• Come up with 5 questions about the company you would like to know but can’t find on Tuesday.

  • Reach out to 2 employees from each company to start a conversation on Wednesday.

  • Write 3 resumes on Thursday.


Just like in the workplace, when you are working on a project, you should have a to-do list that is actionable.


Sure you could reach out to 100 recruiters in a day but most likely, you’ll hate it and if you don’t reach your goal, you’ll feel bad.


Job searching is a long-term game, so don’t use all your energy on day 1.


2. Customize your resume and develop an efficient job application process:


Applying for jobs can be time-consuming and draining, but it's important to make your application process as efficient as possible. Develop systems for customizing your resume and cover letter, and use job search platforms that allow you to save job searches and automate your application process. This will help you streamline your job search and avoid getting bogged down by the administrative tasks associated with applying for jobs.


Those 3 resumes you wrote on Thursday, don’t just throw them away after!


If you are customising your resume to different roles, save those bullet points in each copy.


I like to have a ‘Master Copy’ that is much too long but includes every bullet point I ever wrote for the work experience I’ve had. Your points should be different if you are applying for a junior role vs a senior, a customer facing vs only working internally, a more team heavy role vs an IC role.


Instead of rewriting it each time, you can copy paste from your master copy so it can be customized but not from scratch each time.


3. Balance your tasks and take breaks


Job searching can be a full-time job in and of itself, but it's important to balance your tasks and avoid spending all day in front of the computer. Take breaks to stretch, exercise, or engage in other activities that help you relax and recharge. This will help you maintain your energy and focus throughout the job search process.


Take to your friends or peers who are doing the same thing. Talk to people who are NOT doing the same thing so your world is a little bigger. Your brain needs a break, even if it is important for you to find work again.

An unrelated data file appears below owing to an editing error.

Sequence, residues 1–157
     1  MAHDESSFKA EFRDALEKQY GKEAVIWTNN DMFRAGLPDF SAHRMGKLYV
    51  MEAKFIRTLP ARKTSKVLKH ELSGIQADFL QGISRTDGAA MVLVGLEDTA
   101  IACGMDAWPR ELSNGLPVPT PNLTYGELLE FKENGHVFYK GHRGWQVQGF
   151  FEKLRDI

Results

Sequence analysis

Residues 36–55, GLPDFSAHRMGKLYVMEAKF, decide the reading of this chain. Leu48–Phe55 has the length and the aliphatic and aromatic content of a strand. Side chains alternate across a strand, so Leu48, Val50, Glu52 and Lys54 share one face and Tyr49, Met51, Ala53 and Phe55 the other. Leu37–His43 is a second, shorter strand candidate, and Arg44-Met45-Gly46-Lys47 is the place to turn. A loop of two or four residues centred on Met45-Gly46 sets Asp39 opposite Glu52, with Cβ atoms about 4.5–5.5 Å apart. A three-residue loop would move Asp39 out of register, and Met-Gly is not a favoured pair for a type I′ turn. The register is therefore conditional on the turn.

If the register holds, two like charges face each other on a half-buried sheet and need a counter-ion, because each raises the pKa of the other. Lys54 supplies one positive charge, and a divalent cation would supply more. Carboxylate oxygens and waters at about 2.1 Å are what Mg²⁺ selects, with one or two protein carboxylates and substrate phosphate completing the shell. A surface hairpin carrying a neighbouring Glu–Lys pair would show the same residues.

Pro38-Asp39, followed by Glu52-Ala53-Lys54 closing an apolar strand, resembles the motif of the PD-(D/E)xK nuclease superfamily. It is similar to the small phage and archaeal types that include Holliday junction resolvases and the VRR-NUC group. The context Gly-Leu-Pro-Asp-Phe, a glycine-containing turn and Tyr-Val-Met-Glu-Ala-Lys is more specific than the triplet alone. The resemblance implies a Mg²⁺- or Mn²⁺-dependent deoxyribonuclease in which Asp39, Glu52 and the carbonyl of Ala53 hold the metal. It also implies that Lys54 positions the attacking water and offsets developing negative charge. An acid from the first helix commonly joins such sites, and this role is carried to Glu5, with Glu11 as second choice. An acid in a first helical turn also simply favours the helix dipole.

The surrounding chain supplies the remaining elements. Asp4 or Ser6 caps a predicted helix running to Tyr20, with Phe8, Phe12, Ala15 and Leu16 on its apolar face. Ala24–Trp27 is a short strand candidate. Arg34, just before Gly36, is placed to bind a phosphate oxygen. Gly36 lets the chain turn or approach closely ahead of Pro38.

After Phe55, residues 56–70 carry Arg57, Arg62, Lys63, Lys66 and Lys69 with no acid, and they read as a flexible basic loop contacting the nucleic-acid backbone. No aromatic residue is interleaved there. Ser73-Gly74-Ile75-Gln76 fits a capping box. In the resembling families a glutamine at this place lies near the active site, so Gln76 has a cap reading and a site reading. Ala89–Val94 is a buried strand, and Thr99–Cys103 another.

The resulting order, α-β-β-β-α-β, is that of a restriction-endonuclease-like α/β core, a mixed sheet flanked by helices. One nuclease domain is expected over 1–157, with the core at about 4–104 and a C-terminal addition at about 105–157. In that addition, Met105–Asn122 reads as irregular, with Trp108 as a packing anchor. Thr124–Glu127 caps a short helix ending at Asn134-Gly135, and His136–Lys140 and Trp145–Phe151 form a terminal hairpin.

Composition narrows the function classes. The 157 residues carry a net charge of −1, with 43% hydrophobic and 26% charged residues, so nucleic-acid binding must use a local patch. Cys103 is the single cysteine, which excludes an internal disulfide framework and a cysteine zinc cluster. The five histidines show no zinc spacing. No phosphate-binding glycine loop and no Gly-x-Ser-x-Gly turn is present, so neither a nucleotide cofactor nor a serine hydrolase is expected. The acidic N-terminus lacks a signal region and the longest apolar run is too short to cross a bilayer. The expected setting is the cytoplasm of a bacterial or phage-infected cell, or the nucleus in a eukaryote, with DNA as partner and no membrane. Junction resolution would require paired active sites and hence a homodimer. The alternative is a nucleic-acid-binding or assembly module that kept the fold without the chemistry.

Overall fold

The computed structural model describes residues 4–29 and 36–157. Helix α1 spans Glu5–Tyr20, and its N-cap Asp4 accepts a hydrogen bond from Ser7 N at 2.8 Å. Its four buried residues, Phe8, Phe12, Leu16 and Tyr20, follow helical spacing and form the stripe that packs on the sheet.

4. Get creative


Job hunting does not mean you have to sit in front of a computer all day and research online. Get creative and think outside of the box. I get drained from reading posts, job descriptions and writing resumes all day.


Schedule in networking events in your area. You never know who you may meet and who they may know. If nothing else, you can learn more about whats possible out there.


If you are a designer, start a personal project and document your progress online. You’ll generate interest from your posts and if you do it well, it could lead to opportunities. This applies to engineers, artists, accountants, etc whatever your skills are.


If there aren’t events, start one online or offline. Make the things you would find helpful and others will as well. You will become a leader in your community and isn’t that a great experience to bring up in your next interview?


Keeping Motivated


Even with all the above strategies, you will still have day where you feel out of it. That’s normal! Here is some thing to do about it:


  1. Take a break: Again this is a long-term search. Take a day off guilt free. I give you permission.

  2. Talk to a friend: When you aren’t feeling good, it’s normal to want to suppress and hide from it. Instead, call up a friend and talk about how ashamed you feel or how unmotivated you are today. Once you name it, share it, and take it head on, it won’t have the same power over you.

  3. Mindset: You don’t have to be positive all the time, but remember, negative experiences affect you 4-5 times more than a positive one. So if you are feeling bad about not getting a response, know that your brain is probably making it out to be worse than you thought as a means to protect you. Remind yourself of all the wins from the small accomplishments or the good feedback you’ve gotten.

  4. Do the basics: Get your sleep, diet, hydration levels and exercise in check. If you can’t do it now, you won’t do it when you have a job and are trying to learn what the heck this company is doing.

Remember, job searching can be a long and challenging process, but with the right mindset and support, you can stay motivated and find the career opportunity that's right for you.


End Game


Don't let the job search overwhelm you! Take a deep breath, stay organized, and remember that you're not alone in this journey. And if you want an extra hand to help you with writing resumes, interview prep, project documentation, or just staying accountable to your goals, I'm here to offer my services as a coach. My approach is all about being on your team and providing the support you need to keep moving forward. So don't hesitate to reach out and let's work together towards your dream job!